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Portrait of a Photographer

By Eric Swedlund
Arizona Daily Wildcat
April 9, 1999
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Photo Courtesy of Dan Budnik
Arizona Daily Wildcat

Candice Bergen at the age of 17 in 1963.

As U.S. Secret Service guards pulled him by the collar, Dan Budnik managed to bring the image of former President Dwight Eisenhower into focus for a split second and clicked the shutter.

Weeks later, in the early 60s, an intimate portrait of Eisenhower - his shoulders slouched in a moment of relaxation as he examined a painting - was published in Life Magazine.

Budnik had scooped all the Life photographers in producing one of the best images from his renowned career as a photographer.

"Life is very chaotic," Budnik said. "If you can stop life with a still, when it's successful, there's nothing quite like it."

Budnik, 65, started his career in photojournalism in 1958 and has photographed celebrities and American heroes such as Dr. Martin Luther King Jr., Georgia O'Keefe, Eisenhower and football Hall-of-Famer Terry Bradshaw.

"A lot of photography is having your own belief system," Budnik said. "Photography is all about energy. I look for energy, whether it is loud or quiet, it doesn't matter, and what lies beneath the surface."


Photo Courtesy of Dan Budnik
Arizona Daily Wildcat

Writer Frank Waters, outside his home near Taos, New Mexico in 1982.

The photojournalist ventured to the University of Arizona's Center for Creative Photography Tuesday to share the story of what goes on behind the camera lens.

Budnik's visit comes in conjunction with the center's current exhibit, "A Retrospective," by Philippe Halsman, a celebrity photographer for Life Magazine in the 1940s and '50s.

Budnik worked as Halsman's assistant, and later ventured into fashion and medical photography during his eclectic career. He worked for magazines including Life, Sports Illustrated and Vogue, and contributed to the Time Life series on the Sierra Madres and Rome.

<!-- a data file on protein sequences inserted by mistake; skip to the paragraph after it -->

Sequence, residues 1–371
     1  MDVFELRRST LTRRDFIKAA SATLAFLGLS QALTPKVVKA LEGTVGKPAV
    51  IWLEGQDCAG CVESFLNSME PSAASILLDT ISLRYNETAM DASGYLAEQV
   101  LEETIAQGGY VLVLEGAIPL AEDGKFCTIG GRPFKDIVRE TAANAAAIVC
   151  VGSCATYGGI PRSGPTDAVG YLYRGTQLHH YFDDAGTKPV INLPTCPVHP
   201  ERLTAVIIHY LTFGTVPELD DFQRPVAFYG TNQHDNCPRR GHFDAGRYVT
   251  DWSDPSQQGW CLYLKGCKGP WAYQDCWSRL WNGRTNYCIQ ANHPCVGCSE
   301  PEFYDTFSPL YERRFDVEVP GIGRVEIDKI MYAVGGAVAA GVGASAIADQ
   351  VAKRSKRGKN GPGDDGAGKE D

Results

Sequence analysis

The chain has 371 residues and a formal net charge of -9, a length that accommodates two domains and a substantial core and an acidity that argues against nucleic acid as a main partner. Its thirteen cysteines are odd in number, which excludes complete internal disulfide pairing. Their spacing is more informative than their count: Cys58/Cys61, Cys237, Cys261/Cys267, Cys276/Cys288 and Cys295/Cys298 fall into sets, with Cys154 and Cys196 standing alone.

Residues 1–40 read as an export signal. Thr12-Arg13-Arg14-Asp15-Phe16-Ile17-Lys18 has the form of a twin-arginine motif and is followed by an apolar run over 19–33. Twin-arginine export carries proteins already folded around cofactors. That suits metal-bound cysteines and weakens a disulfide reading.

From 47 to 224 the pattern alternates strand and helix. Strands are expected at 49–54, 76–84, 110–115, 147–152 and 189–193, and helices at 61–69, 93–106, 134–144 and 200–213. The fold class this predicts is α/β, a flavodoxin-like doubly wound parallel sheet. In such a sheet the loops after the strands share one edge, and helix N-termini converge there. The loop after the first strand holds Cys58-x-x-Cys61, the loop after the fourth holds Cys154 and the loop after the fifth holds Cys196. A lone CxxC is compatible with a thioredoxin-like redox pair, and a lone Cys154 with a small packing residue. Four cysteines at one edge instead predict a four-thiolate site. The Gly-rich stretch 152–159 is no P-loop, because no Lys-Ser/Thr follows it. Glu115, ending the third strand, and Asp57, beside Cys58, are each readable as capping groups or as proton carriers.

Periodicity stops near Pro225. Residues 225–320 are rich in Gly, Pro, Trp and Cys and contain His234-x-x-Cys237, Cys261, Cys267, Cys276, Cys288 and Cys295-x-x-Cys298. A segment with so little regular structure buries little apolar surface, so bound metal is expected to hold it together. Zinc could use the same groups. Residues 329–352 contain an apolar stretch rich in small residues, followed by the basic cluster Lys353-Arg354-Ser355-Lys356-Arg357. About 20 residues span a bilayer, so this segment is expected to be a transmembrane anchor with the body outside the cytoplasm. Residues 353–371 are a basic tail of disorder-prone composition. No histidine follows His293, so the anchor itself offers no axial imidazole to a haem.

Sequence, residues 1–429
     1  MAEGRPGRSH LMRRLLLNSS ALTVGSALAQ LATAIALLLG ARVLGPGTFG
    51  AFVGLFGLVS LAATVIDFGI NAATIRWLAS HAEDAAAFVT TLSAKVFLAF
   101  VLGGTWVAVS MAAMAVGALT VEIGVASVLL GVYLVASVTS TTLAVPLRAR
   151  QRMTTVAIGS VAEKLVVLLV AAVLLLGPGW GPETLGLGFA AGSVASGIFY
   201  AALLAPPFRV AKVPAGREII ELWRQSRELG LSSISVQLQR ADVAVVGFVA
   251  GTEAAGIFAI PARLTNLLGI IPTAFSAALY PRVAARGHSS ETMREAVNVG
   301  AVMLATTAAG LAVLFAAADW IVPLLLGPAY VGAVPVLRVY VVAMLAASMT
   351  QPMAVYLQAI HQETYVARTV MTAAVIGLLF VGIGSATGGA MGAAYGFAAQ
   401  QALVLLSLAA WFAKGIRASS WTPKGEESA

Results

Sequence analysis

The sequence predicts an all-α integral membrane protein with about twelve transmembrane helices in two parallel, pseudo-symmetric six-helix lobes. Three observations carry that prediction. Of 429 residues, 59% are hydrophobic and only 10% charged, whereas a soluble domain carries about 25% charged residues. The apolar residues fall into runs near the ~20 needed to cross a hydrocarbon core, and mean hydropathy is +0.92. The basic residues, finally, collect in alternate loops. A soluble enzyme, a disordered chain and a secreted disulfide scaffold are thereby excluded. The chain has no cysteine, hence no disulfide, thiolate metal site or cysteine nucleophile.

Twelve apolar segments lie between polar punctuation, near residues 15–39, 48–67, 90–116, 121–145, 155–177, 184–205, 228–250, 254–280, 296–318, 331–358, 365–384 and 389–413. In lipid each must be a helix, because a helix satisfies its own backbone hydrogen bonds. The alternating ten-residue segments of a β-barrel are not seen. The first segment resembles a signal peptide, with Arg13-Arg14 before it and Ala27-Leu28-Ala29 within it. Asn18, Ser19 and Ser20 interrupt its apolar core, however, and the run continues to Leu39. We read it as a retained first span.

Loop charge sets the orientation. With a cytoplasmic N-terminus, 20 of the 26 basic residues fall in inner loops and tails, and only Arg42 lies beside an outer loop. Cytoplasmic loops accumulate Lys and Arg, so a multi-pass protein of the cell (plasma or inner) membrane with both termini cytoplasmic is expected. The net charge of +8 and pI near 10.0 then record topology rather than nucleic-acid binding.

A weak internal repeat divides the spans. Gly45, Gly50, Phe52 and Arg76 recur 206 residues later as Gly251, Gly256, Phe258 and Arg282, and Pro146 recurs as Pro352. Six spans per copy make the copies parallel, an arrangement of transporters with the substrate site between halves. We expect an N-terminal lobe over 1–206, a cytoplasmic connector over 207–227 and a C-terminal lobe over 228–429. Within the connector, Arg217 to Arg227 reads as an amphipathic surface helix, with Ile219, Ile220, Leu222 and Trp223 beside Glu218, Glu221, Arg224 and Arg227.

Born in Long Island, N.Y., Budnik studied at the Art Students League in New York City in the late 1950s. Marking a lifetime of shutter clicks and stolen moments, Budnik won the American Society of Media Photographers Honor Award in September for his accomplishments.

A Tucson resident and successful journalistic and documentary photographer, Budnik presented a slide show and a hint of 40 years worth of anecdotes Tuesday night in a speech titled "Beyond the Surface" at the CCP Gallery.

Budnik told audience members of the time he missed a photograph of Eleanor Roosevelt running while she lifted her dress up - one that he said would have surely been a Pulitzer Prize winner.

"I learned the art of frustration," he said, describing what he considered to be a blown opportunity.

Budnik said some of his favorite portraits are of Martin Luther King Jr. because of his interest in the civil rights movement.

One picture showed King standing, with a placid expression, as his bodyguard stood defensively in the background. The shot was taken just days prior to the Montgomery freedom march in 1965.

Another depicted King sitting in Brown Chapel in Selma, Ala. - a personification of peace, he said.

Budnik said his work is filled with diversity because a portrait can be the back of a person, a hand or anything that captures the essence of a person.

Another of Budnik's portraits of King was taken minutes after his famous "I Have a Dream" speech, while King was stuck in Washington, D.C. traffic. Budnik said King again was serene amidst the turbulent times of the civil rights movement.


Photo Courtesy of Dan Budnik
Arizona Daily Wildcat

Dr. Martin Luther King Jr. at the Brown Chapel in Selma, Ala. taken in March of 1965.

Budnik also told of 17-year-old actress Candice Bergen, who was so concerned with her newly-done hair that she did not sleep a wink before a sunrise photo shoot.

Budnik showed a slide of actress Sophia Loren, captured as she turned around to look at herself in the mirror while sitting in a booth.

"There wasn't a mirror she didn't love," Budnik said about the famous actress.

Budnik also supplied the photographs for the Book of Elders, which examined the lives and struggles of Hopi elders living in Arizona.

While in Australia, he photographed homeless Aborigines, surprising a group as they woke up at sunrise. Budnik said the moment was tense until one of the men introduced himself as Hank Williams.

Terry Pitts, the center's director, called Budnik a classic storyteller and unique photographer. Pitts contrasted the style of Halsman and Budnik, saying that the latter focuses on long-term projects rather than trying to capture just a few images.

"We're all pretty amazed that we have such a great photographer in town," Pitts said. "He has a story about everything."

He said the CCP has received a number of contributions from Budnik, and has more than 50 of his prints in the archives.

Budnik, whose first contact with the CCP came when he moved to Tucson in 1978, collaborated with fellow Tucson resident and novelist Edward Abbey on a series of portraits.

"Photography has been a great odyssey," Budnik said. "It was a great way to see the world."